So, this is my second day working with totally converting from having and Vmware hypervisor. You can read the Day One blog here. Today I was task to install a few vm guests, totally wipe my main Vista x64 desktop and install Fedora 12 with KVM. Again I choose the base install during the Fedora 12 installation. Once it was installed I went and added the Virtualization packages.
With the packages installed I followed a few instructions I found over at Howtoforge.com to create a bridge network.
I turned off NetworkManager.
#chkconfig NetworkManager off
#chkconfig –levels 35 network on
Create the bridge interface configuration file.
Add the information below.
DEVICE=br0 TYPE=Bridge BOOTPROTO=static DNS1=yourdns GATEWAY=yourgateway IPADDR=youripaddress NETMASK=yoursubnet ONBOOT=yes
Change your eth0 configuration file.
Command out the network information and add the BRIDGE=br0.
# Networking Interface DEVICE=eth0 #BOOTPROTO=none #DNS1=yourdns #GATEWAY=yourgateway HWADDR=00:1e:90:f3:f0:02 #IPADDR=youripaddress #NETMASK=yournetmask ONBOOT=yes TYPE=Ethernet IPV6INIT=no USERCTL=no BRIDGE=br0 Restart the network. #service network restart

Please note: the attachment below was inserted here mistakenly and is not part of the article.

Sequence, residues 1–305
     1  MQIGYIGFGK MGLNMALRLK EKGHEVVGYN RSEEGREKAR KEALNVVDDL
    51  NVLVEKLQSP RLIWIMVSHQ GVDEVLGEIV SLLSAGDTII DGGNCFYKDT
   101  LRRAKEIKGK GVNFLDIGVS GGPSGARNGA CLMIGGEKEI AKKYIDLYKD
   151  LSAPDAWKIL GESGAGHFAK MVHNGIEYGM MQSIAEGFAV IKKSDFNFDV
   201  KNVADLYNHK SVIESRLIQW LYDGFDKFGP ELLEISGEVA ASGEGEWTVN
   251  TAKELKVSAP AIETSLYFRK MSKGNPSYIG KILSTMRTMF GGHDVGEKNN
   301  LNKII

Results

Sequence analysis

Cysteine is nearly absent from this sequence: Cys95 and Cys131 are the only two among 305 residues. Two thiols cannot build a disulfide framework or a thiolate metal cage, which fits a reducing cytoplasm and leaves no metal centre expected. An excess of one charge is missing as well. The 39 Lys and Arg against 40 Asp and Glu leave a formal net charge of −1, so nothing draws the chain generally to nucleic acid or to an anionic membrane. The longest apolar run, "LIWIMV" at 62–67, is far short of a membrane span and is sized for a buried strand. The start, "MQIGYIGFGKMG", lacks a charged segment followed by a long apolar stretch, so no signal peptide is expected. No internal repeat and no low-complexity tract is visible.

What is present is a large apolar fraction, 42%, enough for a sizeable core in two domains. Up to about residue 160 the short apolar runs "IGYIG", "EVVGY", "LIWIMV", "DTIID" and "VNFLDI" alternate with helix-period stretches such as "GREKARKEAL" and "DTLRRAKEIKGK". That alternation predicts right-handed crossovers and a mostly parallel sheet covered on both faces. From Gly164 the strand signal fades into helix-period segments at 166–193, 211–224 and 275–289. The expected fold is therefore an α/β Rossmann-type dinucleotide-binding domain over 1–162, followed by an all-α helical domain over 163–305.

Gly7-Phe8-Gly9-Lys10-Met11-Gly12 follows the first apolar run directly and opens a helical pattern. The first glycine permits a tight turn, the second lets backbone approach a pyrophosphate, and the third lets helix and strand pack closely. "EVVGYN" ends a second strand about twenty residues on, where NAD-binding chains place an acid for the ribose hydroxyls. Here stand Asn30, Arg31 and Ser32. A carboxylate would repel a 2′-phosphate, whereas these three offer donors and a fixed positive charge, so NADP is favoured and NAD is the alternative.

# service libirtd start
Then start virt-manager as root.
Once I was in virt-manager it’s easy sailing. All the virtual managers are pretty similar enough if you use virtualization a lot. Creating a vm guest was simple and familar as well. The screen shots below shows the windows involved in creating a vm guest.
And after you have created the vm guest, you can view and change virtual hardware.
I was able to connect to the localhost and the remote host (over ssh) with no problem. I created some linux and windows vm guests using
So far all the vm guests I have created are on local storage. My next task is to configure remote storage so that I can do migrations from one host to the other.